“They shall grow not old, as we that are left grow old: Age shall not weary them, nor the years condemn. At the going down of the sun and in the morning, we will remember them.”—Robert Laurence Binyon (September 1914)
We humans are naturally most aware of the great tragedies occurring during our lifetime. In Vietnam the US suffered 60,000 fatal casualties; 36,000 were killed or wounded in Iraq; 23,000 were killed or wounded in Afghanistan. However, even by these standards, “The Great War”—World War I—shattered the entire world with a new type of warfare creating carnage on a heretofore unimagined scale. The British had over 3 million dead or wounded. Russia had over 9 million. Those left grieving counted in the millions upon millions. Survivors were left disoriented, bewildered, untethered from all that had once seemed good and dependable. Gertrude Stein would name this a “lost generation.”
In 1915 after the Second Battle of Ypres (in Belgium), Canadian physician John McCrae wrote the poem “In Flanders Fields” which said, in part:
In Flanders fields the poppies blow
Between the crosses, row on row. . .
If ye break faith with us who die
We shall not sleep, though poppies grow
In Flanders fields.
This poem held the kernel of what survivors would cling to: they would never forget those who had died.
Today in Ypres, Belgium, you can see this emotional commitment in statues such as the bas relief memorial showing a dead British soldier flanked by women mourning his death, the British lion roaring its grief. Ascending heavenward like Christ, this soldier is accompanied by an angel carrying a sword and a laurel crown, signaling immortality and reward for his bravery in battle.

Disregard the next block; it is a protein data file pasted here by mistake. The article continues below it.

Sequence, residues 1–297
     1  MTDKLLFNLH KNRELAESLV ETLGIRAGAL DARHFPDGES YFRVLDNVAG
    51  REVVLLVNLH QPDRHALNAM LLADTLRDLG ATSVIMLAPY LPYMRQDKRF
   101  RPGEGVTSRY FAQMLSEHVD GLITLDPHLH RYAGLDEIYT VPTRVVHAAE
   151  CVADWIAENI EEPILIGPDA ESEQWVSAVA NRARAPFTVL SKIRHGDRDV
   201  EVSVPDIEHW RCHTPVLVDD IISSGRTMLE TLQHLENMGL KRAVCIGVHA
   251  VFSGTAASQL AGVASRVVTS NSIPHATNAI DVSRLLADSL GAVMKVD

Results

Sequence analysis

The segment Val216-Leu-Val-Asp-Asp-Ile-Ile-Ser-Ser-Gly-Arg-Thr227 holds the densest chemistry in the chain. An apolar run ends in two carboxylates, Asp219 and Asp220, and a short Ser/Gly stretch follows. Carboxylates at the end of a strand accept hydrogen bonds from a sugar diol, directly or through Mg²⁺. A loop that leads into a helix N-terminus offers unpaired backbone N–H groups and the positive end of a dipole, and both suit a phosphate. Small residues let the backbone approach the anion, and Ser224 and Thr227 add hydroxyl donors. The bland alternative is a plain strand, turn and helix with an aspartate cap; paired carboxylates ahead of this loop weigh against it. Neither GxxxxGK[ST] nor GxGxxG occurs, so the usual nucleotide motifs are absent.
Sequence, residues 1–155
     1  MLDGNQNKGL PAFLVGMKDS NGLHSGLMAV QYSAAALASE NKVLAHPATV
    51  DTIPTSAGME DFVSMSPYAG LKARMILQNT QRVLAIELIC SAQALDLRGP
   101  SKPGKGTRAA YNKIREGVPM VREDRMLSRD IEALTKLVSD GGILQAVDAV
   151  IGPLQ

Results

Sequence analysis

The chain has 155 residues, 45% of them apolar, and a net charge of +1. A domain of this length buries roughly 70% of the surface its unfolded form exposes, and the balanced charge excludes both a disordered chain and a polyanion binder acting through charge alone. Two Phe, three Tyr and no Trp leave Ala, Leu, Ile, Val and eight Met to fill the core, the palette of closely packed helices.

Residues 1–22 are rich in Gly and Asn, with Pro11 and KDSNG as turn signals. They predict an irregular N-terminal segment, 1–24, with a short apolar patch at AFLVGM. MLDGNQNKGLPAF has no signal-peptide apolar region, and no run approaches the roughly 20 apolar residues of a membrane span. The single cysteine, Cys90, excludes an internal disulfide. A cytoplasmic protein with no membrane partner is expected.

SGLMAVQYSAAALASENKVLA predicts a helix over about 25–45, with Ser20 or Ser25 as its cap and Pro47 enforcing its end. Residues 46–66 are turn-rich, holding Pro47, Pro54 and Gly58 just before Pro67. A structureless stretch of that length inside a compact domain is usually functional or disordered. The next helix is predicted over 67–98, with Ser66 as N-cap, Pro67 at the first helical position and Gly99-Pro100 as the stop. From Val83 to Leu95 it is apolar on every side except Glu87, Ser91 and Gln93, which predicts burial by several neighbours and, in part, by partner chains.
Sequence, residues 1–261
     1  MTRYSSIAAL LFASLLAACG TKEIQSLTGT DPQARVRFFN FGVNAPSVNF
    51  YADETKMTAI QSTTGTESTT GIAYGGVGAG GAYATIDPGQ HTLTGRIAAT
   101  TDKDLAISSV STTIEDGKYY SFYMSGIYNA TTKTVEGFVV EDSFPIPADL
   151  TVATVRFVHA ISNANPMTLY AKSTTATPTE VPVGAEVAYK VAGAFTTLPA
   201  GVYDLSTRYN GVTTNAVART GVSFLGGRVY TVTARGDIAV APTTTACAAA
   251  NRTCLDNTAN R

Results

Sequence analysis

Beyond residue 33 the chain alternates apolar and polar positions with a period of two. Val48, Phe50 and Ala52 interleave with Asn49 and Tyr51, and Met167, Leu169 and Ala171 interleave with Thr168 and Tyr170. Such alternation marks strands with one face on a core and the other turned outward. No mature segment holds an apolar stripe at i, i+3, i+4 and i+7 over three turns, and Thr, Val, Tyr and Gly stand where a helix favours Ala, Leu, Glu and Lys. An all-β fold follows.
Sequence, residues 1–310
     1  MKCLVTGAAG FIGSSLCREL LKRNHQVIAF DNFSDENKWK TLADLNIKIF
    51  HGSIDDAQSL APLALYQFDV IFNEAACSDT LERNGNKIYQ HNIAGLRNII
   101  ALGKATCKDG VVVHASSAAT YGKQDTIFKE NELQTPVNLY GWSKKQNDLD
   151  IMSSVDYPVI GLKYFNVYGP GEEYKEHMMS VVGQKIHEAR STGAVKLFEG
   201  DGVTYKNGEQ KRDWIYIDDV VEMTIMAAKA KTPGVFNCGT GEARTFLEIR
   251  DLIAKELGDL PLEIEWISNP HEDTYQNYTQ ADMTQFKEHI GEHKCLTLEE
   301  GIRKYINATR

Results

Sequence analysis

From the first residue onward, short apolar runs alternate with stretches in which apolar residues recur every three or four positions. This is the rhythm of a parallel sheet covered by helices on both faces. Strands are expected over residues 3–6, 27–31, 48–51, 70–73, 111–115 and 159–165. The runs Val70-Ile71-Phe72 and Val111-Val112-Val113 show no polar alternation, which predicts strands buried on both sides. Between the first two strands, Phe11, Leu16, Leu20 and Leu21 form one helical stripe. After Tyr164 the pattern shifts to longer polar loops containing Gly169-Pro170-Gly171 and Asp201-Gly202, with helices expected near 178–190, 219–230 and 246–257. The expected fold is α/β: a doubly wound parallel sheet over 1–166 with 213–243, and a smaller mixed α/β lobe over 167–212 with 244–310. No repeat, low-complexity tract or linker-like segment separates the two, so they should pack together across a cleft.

You can attend the evening ceremony there at the Menin Gate that has taken place—with only a handful of exceptions—every day for over a hundred years: a poem of remembrance is read; a mournful trumpet sounds its salute; fresh flowers are laid.
A practical aspect of the memorials was that they offered the only focal point possible when the fallen were never recovered or never properly identified. In the heat of battle, army chaplains could only write a soldier’s name on a slip of paper, slip it into a bottle at the burial site, and hope the location might later be marked by a wooden cross.* The British government undertook to establish an Imperial War Graves Commission (IWGC) to take whatever action necessary to insure a respectful grave or remembrance for each soldier from the British Commonwealth. The Tyne Cot cemetery near Ypres, Belgium is only one of the hundred of WWI cemeteries holding carefully tended graves planted with flowers.
The British government also commissioned famous architect Edwin Lutyens to design an empty tomb as a poignant reminder of the soldiers who would never return to their homeland. And the government very intentionally chose to place this Cenotaph in the middle of Whitehall, London’s busiest street. On November 11, 1920—the second anniversary of the Armistice–when King George V unveiled the monument and tossed “a handful of the soil from a Flanders battlefield into the grave,”* the entire nation was silent and no noise could be heard except for the sound of sobbing women.** For decades, buses would literally stop in London on November 11—Remembrance Day–at the eleventh hour and stand quiet for two minutes.
Even 100 years after the war—in 2014-2018–the British affirmed their faithful remembrance with ceremonies, conferences, and art displays such as the famous ceramic poppies cascading like bleeding tears down the Tower of London:
This war haunted England. They remember.
Next Time: Castle Howard–why “Brideshead” should be Revisited
*The Countess of Carnarvon, Lady Almina and The Real Downton Abbey: The Lost Legacy of Highclere Castle, (New York: Broadway Paperbacks, 2011), 239.
**Adam. Hochschild, To End All Wars: A Story of Loyalty and Rebellion, 1914-1918. (Boston: Houghton Mifflin Harcourt, 2011), 348.
Tower of London and Cenotaph images—Open sources
Ypres memorials—Nancy Parrish